This post extends the series on the UK housing market which is one of my favourite topics, as you may have guessed by now. In earlier posts I discussed the impact of the stamp duty, clumsy real estate agent advertising and future house price trends in London. Today’s update brings a political flavour to the analysis, with Brexit as an obvious figurehead.
I think that a vast majority of industry experts would agree to state that the apparent uncertainty surrounding Brexit – although this uncertainty is largely a statistical artefact – has cooled down the real estate market. Although transaction volume is not officially monitored, this impression is supported by anecdotal evidence: estate agency Savills reported a 6.7% price drop in London’s prime residential areas compared with 2014, with more than half of homes being sold at a 10%+ discount. The momentum has started percolating to lower price layers, with inflation for homes in Central London costing £500k to £1m now standing at 3.4% over the last year. Commercial real estate is also affected, with investment in central London office buildings dropped 52% quarter-on-quarter. Some readers will recall that the market experienced similar turbulence in the weeks leading to the referendum on Scottish independence in 2014.
Nonetheless, the core of the market remains largely untouched. Prices throughout the UK in general, and in London in particular, still show vigorous growth, which tends to indicate that structural house undersupply largely remains a reality.
Brexit may come on top an artificial rush generated by the increase in stamp duty on buy-to-let and second homes, which led some investors to bring forward their purchase intent to Q1 2016, as demonstrated in an earlier post.
On the supply side, political uncertainty also takes its toll. Brexit but more importantly London’s mayoral elections have strongly builders to ‘sit and wait’. The Financial Times reported that London boroughs approved 64% fewer homes in Q1 2016 compared with Q1 2015. This does not help.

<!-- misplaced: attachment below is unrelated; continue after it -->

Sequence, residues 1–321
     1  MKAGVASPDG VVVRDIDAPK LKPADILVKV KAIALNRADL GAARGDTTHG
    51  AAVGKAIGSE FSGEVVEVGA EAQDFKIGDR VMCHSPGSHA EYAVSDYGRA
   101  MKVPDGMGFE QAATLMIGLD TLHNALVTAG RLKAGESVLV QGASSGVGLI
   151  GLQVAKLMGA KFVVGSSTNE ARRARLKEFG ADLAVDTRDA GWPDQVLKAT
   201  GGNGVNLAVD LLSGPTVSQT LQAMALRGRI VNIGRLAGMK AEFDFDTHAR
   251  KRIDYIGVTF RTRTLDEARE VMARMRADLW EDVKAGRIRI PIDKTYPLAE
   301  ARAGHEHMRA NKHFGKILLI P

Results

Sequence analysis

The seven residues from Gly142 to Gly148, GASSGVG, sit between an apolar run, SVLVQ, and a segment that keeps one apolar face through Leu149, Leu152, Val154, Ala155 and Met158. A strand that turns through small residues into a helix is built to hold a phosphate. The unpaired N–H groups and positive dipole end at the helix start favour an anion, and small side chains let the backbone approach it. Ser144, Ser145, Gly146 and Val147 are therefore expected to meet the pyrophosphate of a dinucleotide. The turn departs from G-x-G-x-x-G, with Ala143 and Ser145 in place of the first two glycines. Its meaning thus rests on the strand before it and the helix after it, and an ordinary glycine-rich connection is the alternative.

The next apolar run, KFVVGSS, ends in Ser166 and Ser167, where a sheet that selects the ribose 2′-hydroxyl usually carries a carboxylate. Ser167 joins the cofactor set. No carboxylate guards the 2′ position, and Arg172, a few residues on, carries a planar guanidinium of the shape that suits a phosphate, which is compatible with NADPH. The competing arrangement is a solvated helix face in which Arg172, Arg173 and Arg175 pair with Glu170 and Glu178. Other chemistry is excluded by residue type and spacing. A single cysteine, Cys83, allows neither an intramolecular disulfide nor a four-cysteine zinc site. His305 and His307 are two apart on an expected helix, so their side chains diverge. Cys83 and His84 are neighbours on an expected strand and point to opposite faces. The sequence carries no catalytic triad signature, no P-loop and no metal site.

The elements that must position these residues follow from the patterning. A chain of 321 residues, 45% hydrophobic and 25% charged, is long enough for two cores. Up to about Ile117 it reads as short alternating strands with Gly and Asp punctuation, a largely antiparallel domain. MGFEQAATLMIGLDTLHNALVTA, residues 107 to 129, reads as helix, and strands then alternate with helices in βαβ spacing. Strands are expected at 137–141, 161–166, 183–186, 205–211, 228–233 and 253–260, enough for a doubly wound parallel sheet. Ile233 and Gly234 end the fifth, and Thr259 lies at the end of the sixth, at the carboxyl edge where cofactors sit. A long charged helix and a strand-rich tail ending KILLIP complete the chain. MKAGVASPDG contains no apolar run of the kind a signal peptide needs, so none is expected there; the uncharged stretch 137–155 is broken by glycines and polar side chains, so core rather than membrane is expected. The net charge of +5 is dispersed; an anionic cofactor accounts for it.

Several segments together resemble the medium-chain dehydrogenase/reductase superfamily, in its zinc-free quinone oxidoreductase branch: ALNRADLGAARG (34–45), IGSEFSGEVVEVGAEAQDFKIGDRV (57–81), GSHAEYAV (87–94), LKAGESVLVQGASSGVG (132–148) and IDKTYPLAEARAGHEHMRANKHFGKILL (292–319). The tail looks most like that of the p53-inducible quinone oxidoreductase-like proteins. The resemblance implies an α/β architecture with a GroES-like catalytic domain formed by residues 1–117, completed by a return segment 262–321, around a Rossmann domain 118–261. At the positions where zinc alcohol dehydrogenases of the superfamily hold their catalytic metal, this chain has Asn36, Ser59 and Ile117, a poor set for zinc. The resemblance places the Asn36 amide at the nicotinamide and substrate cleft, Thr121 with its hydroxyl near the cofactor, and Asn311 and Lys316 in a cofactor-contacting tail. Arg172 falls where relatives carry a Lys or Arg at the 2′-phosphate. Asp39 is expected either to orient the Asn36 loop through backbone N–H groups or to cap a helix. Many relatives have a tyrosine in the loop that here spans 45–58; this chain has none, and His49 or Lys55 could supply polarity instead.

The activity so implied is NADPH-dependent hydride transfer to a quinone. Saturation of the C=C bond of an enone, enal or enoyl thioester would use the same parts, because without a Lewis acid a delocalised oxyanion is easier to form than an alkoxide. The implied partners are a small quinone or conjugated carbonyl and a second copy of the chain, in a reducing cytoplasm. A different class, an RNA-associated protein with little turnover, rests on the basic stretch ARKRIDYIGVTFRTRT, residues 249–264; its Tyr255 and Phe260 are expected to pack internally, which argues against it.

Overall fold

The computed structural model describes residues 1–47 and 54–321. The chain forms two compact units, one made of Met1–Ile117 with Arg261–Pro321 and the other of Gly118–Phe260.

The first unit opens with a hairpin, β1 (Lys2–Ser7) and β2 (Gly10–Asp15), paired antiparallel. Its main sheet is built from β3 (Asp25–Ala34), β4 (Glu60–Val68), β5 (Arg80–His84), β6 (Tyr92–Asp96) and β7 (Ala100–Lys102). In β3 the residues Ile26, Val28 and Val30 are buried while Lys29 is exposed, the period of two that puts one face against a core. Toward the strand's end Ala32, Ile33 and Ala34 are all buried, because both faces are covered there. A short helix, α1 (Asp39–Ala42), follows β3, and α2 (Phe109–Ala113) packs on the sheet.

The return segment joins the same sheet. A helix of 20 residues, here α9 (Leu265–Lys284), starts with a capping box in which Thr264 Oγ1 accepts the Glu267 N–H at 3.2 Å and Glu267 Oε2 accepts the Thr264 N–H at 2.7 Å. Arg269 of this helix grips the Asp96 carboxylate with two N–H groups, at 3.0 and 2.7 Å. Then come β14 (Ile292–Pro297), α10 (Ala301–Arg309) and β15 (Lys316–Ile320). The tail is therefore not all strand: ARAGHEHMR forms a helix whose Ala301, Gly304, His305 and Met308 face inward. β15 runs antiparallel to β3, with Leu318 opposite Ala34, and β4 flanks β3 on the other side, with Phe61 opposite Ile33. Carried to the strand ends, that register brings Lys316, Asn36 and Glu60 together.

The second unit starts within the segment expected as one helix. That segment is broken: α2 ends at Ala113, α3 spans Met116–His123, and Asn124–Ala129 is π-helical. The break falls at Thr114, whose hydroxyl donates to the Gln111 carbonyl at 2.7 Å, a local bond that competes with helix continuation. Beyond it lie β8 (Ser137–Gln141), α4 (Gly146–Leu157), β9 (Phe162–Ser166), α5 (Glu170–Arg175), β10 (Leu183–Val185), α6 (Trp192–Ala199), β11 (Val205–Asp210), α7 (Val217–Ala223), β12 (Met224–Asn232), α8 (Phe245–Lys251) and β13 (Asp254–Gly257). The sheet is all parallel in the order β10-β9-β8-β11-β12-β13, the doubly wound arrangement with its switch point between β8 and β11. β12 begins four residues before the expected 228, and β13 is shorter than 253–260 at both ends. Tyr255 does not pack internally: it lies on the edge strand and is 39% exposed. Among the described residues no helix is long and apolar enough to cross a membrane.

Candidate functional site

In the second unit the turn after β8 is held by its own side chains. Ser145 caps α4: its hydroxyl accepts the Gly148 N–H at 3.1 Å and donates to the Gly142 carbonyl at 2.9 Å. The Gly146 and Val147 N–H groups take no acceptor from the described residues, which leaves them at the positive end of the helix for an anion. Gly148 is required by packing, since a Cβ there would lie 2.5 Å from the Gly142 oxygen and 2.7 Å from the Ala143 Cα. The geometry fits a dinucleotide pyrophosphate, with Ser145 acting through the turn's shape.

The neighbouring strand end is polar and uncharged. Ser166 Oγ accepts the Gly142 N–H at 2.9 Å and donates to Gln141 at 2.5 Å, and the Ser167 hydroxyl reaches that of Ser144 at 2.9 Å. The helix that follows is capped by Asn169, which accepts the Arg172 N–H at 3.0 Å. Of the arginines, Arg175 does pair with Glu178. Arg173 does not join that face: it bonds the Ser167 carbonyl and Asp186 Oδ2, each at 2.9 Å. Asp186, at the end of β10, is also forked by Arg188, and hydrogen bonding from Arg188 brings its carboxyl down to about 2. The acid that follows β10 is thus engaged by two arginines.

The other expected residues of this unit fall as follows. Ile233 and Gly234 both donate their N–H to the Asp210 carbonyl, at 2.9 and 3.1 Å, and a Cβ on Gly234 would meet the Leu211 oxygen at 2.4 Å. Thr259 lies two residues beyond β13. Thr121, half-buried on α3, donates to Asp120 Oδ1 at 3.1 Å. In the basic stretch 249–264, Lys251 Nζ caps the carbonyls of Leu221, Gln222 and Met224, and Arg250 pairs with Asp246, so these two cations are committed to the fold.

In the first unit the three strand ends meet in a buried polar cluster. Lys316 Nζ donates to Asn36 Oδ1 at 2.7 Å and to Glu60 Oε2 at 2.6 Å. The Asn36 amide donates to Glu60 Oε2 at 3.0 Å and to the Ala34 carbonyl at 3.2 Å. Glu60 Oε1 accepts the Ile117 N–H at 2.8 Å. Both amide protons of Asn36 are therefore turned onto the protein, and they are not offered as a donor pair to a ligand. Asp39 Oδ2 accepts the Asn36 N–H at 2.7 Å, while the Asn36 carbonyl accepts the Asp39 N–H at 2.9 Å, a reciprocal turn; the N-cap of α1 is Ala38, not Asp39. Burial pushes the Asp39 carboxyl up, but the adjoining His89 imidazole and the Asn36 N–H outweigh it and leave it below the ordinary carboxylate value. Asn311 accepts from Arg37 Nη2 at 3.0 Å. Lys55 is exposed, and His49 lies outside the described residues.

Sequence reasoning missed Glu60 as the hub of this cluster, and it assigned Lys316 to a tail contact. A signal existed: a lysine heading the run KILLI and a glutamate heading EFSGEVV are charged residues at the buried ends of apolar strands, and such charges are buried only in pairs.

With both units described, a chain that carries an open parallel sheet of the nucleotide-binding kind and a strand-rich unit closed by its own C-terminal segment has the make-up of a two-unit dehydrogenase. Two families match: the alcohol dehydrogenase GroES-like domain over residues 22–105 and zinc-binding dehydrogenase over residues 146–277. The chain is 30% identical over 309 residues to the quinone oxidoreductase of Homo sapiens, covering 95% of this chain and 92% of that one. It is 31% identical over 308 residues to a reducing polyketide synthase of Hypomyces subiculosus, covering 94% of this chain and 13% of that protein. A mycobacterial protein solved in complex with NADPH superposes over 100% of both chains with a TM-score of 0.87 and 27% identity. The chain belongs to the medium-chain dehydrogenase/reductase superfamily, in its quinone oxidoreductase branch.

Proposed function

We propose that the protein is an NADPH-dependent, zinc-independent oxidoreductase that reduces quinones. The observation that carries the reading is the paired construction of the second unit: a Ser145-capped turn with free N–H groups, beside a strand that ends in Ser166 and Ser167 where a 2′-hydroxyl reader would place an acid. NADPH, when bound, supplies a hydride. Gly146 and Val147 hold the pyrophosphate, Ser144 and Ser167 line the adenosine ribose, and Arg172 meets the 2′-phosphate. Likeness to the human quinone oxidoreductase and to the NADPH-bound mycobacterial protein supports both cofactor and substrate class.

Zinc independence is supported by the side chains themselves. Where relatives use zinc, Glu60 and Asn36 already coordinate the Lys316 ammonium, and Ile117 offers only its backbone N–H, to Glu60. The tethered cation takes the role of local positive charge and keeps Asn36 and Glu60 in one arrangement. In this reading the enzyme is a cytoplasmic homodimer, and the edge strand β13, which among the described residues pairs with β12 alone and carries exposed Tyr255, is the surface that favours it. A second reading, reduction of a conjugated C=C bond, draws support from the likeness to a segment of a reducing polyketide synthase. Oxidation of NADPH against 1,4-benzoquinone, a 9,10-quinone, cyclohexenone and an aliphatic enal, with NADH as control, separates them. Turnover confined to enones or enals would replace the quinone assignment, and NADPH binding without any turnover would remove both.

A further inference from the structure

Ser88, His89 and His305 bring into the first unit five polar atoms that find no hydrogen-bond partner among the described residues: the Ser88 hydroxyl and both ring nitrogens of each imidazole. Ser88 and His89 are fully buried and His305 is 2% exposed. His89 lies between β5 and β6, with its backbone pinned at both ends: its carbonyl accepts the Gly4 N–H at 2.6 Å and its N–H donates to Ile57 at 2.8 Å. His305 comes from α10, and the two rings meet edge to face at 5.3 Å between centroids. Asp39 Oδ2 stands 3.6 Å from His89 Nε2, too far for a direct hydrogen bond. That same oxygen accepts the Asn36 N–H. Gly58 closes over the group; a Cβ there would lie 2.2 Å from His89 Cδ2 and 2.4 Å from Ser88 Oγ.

On the investment side, strategies vary depending on the investor’s mandate. Property funds have been forced to partly withdraw from the market, sometimes crystallising losses, to face increasing outflows and form a sizable ‘war chest’ in case a major bank run happens post-Brexit – public trust in those funds took a hit when some of them had to forbid redemption during the darkest moments of the financial crisis. Conversely, more agile private investors are trying to take advantage from the current feebleness whereas more established institutional buyers’ field of action is restricted by their Boards.
Finally, in an environment where investment-grade bonds yield no (or even negative) interest and equity markets have struggled to find momentum, banks rely more than ever on the ‘power of the stone’ to generate satisfactory returns. Yesterday Barclays announced that it relaunched 100% mortgages, a product that got discontinued in the aftermath of the financial crisis, in a hunt for yield – fixed-rate mortgages start at 2.99%, not a bargain by today’s standards. Given that this mortgage can only be activated with a 10% deposit from a guardian, this mortgage is particularly aimed at younger buyers that recent price increases have excluded from the property ladder.
One cannot forget, however, that London remains one of the most expensive cities in the world, only trailing Hong Kong according to UBS’s well-named ‘Global Real Estate Bubble Index‘, which states in its 2015 edition that “the [London] housing market is in bubble-risk territory“.
Monitoring house prices as the political dust settles will solve the conundrum. Only then will we indeed be able to understand if the London housing market has reached an inflection point or if the political milestones paving the first half of the year were mere bumps on the road to continuing inflation.